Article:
Friday, 23 October 2015

No more passwords

Reflecting the exaggerated claim syndrome I mentioned a few days ago, New Scientist recently carried a quote on quantum key distribution (QKD*), where an encryption key is randomly generated when needed from a quantum source. Apparently John Rarity of the University of Bristol told the magazine that you will soon be able to pick up a batch of keys on a credit card sized device, perhaps from an ATM, and use them to login to an account, such as your bank.

'You would never need to remember a password or pin again, QKD does all the work for you.' Was the dramatic pull quote.

Leaving aside the fact that most of us are less likely to use ATMs these days than we once did, what isn't all that obvious is why this is any better than, say, storing a very strong password on your phone. In either case all someone needs do is steal the device and they're in. Which means the the device needs to be protected by either biometrics or, duh, a password or PIN. So how does this improve security?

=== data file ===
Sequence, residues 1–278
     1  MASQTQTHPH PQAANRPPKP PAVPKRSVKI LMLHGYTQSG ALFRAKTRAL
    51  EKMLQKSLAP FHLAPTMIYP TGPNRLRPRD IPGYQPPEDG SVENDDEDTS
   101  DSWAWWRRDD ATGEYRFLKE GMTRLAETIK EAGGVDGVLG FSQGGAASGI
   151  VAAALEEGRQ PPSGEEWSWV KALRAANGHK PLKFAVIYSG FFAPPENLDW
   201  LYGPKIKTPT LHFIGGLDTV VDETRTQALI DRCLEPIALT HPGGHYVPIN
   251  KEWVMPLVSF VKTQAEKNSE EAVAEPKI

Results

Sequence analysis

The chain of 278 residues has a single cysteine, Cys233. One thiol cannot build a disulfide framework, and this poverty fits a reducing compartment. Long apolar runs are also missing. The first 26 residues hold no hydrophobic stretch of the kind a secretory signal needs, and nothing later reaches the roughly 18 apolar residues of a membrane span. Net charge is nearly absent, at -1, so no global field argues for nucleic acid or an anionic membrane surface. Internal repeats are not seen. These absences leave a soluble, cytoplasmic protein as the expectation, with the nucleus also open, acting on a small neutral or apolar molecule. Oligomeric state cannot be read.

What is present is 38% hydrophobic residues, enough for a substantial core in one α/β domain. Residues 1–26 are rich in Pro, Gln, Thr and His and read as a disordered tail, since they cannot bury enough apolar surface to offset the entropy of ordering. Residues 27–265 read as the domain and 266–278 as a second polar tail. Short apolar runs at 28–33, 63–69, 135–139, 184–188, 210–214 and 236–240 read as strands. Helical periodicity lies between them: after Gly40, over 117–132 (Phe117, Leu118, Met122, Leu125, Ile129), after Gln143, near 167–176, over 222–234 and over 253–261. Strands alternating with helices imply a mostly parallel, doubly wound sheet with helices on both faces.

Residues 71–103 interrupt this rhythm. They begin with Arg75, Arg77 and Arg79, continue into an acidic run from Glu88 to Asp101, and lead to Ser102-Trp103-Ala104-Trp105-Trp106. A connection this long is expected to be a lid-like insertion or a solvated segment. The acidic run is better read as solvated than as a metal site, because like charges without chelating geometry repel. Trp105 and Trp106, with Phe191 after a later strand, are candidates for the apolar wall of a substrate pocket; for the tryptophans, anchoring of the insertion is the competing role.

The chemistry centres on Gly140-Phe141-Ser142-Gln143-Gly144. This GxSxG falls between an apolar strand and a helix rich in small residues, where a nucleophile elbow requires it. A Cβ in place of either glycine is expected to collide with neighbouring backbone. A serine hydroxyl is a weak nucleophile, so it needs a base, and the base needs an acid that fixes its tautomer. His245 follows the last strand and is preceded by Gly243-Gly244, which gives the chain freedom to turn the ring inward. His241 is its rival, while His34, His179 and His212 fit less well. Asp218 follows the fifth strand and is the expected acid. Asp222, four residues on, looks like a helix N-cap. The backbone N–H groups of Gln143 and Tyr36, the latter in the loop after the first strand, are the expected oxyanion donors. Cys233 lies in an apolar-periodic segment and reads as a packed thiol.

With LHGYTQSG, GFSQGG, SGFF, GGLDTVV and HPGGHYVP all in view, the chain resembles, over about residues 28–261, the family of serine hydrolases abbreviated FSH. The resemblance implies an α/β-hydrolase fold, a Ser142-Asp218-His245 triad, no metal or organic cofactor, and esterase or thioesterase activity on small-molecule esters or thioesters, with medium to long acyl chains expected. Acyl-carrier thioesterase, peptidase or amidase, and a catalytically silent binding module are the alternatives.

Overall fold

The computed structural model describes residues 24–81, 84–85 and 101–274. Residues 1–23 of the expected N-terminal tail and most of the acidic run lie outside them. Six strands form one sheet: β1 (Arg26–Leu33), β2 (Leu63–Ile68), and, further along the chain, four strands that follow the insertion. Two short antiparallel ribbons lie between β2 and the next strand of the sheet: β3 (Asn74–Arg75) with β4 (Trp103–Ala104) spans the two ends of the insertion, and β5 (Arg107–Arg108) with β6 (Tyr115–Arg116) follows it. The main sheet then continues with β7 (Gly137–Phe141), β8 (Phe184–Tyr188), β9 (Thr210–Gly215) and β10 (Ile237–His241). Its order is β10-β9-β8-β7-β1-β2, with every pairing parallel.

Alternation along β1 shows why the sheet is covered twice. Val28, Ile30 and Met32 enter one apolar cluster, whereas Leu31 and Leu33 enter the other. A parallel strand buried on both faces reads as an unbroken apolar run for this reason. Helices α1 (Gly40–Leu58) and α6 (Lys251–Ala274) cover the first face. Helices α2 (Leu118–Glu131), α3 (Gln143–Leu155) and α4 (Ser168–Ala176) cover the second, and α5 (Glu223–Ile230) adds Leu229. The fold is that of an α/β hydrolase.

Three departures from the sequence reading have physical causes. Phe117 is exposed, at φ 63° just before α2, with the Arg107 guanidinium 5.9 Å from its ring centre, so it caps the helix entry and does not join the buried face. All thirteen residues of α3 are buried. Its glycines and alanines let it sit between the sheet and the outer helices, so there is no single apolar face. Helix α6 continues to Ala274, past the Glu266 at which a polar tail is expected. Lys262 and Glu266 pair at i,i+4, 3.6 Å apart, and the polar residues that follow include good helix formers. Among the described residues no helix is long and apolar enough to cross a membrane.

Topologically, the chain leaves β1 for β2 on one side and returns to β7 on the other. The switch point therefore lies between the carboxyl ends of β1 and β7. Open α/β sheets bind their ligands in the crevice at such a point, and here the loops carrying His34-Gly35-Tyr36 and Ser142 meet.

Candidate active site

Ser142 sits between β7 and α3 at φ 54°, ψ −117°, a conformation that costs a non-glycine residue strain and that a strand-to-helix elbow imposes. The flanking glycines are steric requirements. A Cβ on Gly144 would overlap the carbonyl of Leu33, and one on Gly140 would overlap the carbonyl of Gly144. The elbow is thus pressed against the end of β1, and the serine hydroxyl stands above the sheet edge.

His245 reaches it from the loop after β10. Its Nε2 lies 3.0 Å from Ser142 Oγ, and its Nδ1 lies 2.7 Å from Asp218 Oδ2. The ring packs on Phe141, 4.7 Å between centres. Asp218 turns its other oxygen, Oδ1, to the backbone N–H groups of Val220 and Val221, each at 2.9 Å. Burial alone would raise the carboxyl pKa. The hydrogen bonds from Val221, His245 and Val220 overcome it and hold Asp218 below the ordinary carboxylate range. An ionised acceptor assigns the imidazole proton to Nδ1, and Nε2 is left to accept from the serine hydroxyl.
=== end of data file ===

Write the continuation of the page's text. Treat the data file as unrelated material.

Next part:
I've contacted Dr Rarity asking if he could explain, but as yet have not had a reply.

* Not to be confused with WKD, which I believe is an alcoholic drink.

No comments:

Post a Comment